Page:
A video produced by a University of Wisconsin-Madison student showing black students beheading police officers wearing pig masks is a prime example of the double standards and hypocrisy of the Left. While the video has drawn fire, neither the university nor the university police have demanded that it be taken down and no disciplinary action has been taken against the students involved.
The video — which runs one minute and 45 seconds — was posted to YouTube on September 20. It opens with a voice-over of President Trump’s statement after the violence at the Charlottesville “Unite the Right” rally. It is more than a little revealing that the video’s producer, UW-Madison student Eneale Pickett, chose that statement to open the video. Trump’s words — “And you had a group on the other side that was also very violent, and no one wants to say that” — were condemned by the Left, including Antifa, Black Lives Matter, and the Revolutionary Communist Party, USA, which stands in solidarity and philosophical agreement with both Antifa and Black Lives Matter. According to their narrative, Trump’s words unfairly compared the actions of the militant Left with the actions of the “white power” element of the Alt-Right.
What is telling is that this video promotes the very violence Trump was condemned for condemning. And that is not the only disingenuous element of this video. While ostensibly condemning racism, the video is itself racist. The police officers depicted in the video are white. The victims, who overthrow oppression by hunting down and murdering police officers, are black. The less-than-subtle message is that while it’s wrong for anyone to hate or fear blacks, it’s perfectly acceptable and morally justifiable to hate and fear whites.
That message is clearly seen in the clothing line for which this video is a thinly-veiled commercial. Eneale Pickett is the owner of Insert Apparel, which is described on its website as “a clothing line that helps facilitate difficult conversations that people wouldn’t necessarily have about race,gender, sexuality etc.” However, considering the nature of the messages emblazoned on Insert Apparel’s sweatshirts and hoodies (which are featured prominently in the video), it is not likely that any “difficult conversations” are going to take place by wearing this clothing line. The messages emblazoned on this clothing are about as subtle as depicting the beheading of a police officer dressed up as a pig.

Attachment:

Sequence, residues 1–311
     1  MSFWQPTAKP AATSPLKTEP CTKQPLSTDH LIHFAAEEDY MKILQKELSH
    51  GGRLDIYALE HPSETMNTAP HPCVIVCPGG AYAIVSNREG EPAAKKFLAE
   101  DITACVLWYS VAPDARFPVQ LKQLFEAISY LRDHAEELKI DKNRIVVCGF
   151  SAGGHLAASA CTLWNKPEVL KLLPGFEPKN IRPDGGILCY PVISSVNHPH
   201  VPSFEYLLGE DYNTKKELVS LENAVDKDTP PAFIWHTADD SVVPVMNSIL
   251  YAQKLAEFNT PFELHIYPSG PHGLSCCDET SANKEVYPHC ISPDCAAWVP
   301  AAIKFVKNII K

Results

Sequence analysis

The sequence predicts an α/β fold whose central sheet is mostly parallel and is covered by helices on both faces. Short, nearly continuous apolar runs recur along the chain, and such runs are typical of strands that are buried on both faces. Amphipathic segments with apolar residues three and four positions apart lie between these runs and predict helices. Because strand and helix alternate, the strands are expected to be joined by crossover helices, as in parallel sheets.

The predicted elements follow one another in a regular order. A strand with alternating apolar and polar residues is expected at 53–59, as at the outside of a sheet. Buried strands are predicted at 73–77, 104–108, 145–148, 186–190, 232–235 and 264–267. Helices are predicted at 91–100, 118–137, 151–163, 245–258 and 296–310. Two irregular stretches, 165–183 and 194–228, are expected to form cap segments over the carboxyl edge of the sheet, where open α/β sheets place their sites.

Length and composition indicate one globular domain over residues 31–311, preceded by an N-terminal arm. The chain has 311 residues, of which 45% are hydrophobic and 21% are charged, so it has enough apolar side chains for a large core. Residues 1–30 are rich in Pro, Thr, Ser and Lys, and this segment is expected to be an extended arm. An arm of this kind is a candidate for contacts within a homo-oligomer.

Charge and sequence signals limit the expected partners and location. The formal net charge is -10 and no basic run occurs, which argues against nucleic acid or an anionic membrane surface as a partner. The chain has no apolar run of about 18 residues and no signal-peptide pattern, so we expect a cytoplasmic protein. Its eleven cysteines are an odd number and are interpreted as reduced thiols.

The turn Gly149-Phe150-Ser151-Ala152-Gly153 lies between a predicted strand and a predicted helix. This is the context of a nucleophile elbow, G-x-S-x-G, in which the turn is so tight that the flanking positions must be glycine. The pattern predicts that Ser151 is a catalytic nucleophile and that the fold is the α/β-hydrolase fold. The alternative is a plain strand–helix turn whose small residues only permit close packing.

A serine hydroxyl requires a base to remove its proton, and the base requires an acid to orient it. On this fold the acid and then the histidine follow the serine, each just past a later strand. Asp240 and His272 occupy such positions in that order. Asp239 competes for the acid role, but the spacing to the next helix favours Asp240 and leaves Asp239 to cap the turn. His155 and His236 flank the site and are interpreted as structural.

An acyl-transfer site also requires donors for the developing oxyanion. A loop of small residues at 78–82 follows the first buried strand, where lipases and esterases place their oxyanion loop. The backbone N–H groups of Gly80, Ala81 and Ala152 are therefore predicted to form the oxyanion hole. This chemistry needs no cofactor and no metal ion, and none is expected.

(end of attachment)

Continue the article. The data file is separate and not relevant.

The messages — many spelled out in what can fairly be described as either fragmented English or polished Ebonics — are anti-American, anti-police, anti-social, and militantly racist. This is nothing new to either the Black Lives Matter crowd in general or Pickett in particular; Pickett’s previous endeavor was selling hoodies bearing the message “All White People Are Racist.”
The messages emblazoned on Insert Apparel’s sweatshirts and/or hoodies include:
• “DESTROY the city THAT CAUSED YOU TO BURY ME.” (In the ad on the website, this sweatshirt can be seen worn by one of the “actors” from the video. He is shown holding the sledgehammer he uses in the video to murder police officers.)
• “F*** the Police. They the Biggest GANG in AmeriKKKa.” (The young “hero” shown advertising this particular article of clothing, supposedly designed to “facilitate difficult conversations,” is holding a bloody pig mask representing the severed head of a police officer. The "F" word on this shirt is spelled out, and the "o" in "police" is represented in the form of the head of a pig.)
• “I would ask for Justice, but she’s helping the cops burn my body.” (On the graphic for this sweatshirt, the crossbar of the letter “J” in justice has two nooses hanging from it.)
• “JUSTICE OVER THERE ACKIN’ [Ebonics translator: “acting”] LIKE SHE DON’T KNOW US KNOWING DAMN WELL SHE HEAR US CALLIN’ HER NAME.” (This sweatshirt is worn by the black victim in the video who is lynched by police officers using an American flag as a noose.)
• “#NOHASHTAG CAN EVER BRING ME JUSTICE. I have seen my DEATH way too many times to imagine anything different.” (Of course, while no hashtag can accomplish that, shelling out $45 for this cheap-looking hoodie supposedly can.)
And that is another hypocritical point exposed in all of this. On every page listing one of these items for sale, there is a quote at the bottom. The quote reads:
It is our duty to fight for our freedom.
It is our duty to win.
We must love each other and support each other.
We have nothing to lose but our chains.